The Encyclopedia Americana (1920)/Playboy of the Western World, The
PLAYBOY OF THE WESTERN WORLD, The, in three acts, by John Millington Synge, is a singularly arresting play by reason of its extraordinary combination of qualities that are ordinarily deemed contradictory. It is a comedy of Irish peasant life, extravagant, even boisterous at moments, yet based on the tragic theme of the murder of a father by his son; it is illuminated not only by the richest of humor but by poetic touches of poignant beauty, and all told in language so vivid and picturesque, so full of the zest and color of life, as to make ordinary English seem pale and tame, — “that vivid speech which has been shaped through some generations of English speaking by those who still think in Gælic” (W. B. Yeats).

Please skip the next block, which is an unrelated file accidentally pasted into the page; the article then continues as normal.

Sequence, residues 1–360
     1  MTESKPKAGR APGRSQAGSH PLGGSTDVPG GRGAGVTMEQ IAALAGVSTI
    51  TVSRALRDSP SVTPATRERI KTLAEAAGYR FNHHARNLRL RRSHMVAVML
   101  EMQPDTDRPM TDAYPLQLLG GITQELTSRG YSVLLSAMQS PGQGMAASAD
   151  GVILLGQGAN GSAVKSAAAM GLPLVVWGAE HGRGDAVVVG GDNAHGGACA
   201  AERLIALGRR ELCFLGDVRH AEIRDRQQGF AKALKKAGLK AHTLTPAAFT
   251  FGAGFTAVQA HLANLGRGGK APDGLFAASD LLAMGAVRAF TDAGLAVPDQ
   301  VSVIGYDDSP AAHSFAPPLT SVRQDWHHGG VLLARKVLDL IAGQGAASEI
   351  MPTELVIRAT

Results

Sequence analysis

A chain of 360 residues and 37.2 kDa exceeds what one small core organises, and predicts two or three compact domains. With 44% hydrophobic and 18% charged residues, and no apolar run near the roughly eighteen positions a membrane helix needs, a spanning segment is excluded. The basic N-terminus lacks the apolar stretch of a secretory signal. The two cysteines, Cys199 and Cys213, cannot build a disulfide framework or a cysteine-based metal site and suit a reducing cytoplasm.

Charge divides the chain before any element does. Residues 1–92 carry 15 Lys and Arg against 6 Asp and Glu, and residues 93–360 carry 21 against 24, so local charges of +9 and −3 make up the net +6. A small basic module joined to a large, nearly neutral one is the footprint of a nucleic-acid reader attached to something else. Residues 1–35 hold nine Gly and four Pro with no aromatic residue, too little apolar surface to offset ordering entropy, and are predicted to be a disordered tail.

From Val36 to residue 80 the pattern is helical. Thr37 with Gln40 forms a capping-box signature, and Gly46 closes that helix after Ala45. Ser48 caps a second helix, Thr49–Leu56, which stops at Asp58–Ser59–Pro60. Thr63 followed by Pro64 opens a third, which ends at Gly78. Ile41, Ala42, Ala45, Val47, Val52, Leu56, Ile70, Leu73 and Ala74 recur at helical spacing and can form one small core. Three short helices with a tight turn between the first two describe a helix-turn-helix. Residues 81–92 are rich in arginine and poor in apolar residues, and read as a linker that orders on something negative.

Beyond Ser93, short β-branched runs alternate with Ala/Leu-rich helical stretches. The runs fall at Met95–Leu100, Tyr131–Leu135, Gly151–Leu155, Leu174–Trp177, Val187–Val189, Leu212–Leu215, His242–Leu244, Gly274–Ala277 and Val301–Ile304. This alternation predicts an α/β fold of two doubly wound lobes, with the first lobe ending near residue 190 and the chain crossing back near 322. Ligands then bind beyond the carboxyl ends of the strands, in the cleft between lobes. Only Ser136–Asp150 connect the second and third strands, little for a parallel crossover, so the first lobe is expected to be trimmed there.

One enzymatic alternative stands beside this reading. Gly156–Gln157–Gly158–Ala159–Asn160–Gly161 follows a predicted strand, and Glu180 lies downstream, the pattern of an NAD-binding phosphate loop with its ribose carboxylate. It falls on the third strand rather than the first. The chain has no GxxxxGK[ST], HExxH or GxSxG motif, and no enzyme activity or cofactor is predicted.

Christy Mahon comes to a lonely public house foot-weary, a stranger and a fugitive. The kindly curiosity of the tavern keeper, his daughter, Pegeen, and others, wrings from him the confession that he has killed his overbearing father in a fit of anger with a blow from a spade. This evidence of courage and overmastering passion in a seemingly gentle lad so impresses his hearers that they talk themselves, and him, into the conviction that he is a hero. Inspired by his new-found confidence he makes love to Pegeen in one of the most delightful love scenes ever written, and Pegeen is quite prepared to throw over her prosaic husband-elect for Christy. When Christy's old father turns up, at this juncture, not much the worse for his broken pate, it is quite natural that there should be a sudden revulsion of feeling against Christy. He has lost his hold on their imaginations, and poor Pegeen, her romance shattered, leads the pack against him. The ultra-Nationalists professed to regard the play as an attack on Irish morals and character and organized hostile demonstrations when ‘The Playboy’ was first produced at the Abbey Theatre in Dublin in 1907, and later in London, and in the United States. In reality Synge has done the highest service to the Irish cause by creating dramas of artistic distinction and originality from purely Irish material. In his preface to the play Synge says, “I have used only one or two words that I have not heard among the country people of Ireland or spoken in my nursery.” Another quotation from Synge furnishes a most significant commentary on ‘The Playboy.’ “On the stage one must have reality and one must have joy; . . . the rich joy found only in what is superb and wild in reality. . . . In a good play every speech should be as fully flavored as nut or apple, and such speeches cannot be written by any one who works among people who have shut their lips on poetry.” ‘The Playboy’ is based on a story Synge heard in the Aran Islands; its language, its humor, its poetry, its flavor, its “reality,” its “joy,” are all drawn from Irish country folk and transmuted by the hand of the artist into an enduring work of art that is very human and very beautiful. For special references see article, Riders to the Sea.